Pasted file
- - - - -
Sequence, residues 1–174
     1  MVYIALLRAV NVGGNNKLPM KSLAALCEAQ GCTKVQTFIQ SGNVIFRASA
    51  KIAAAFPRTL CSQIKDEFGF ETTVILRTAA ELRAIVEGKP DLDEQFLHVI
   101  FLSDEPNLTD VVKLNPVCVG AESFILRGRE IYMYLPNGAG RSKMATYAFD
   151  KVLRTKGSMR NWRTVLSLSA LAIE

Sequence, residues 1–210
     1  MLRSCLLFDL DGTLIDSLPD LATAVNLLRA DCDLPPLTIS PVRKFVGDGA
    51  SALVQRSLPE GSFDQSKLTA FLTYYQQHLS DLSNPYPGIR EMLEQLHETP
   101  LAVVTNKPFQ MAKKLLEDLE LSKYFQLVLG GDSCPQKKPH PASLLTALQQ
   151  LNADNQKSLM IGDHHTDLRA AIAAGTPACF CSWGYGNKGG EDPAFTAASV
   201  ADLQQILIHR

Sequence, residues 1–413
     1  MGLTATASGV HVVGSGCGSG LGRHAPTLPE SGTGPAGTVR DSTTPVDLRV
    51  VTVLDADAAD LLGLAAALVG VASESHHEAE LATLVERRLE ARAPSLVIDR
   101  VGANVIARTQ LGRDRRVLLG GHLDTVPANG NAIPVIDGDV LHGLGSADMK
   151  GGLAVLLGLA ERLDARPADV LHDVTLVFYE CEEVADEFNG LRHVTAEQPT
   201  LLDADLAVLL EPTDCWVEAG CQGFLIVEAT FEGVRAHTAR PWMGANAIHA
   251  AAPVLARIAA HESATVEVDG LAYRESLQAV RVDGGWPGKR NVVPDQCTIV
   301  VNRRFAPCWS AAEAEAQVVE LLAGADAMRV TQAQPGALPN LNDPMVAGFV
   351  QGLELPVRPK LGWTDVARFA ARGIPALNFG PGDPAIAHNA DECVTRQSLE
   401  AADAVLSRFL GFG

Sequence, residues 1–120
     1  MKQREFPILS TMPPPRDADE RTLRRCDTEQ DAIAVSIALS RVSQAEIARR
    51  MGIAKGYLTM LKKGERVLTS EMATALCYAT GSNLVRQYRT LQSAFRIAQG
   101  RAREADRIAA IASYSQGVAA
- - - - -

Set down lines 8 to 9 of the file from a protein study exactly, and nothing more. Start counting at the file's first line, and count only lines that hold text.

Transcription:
    51  SALVQRSLPE GSFDQSKLTA FLTYYQQHLS DLSNPYPGIR EMLEQLHETP
   101  LAVVTNKPFQ MAKKLLEDLE LSKYFQLVLG GDSCPQKKPH PASLLTALQQ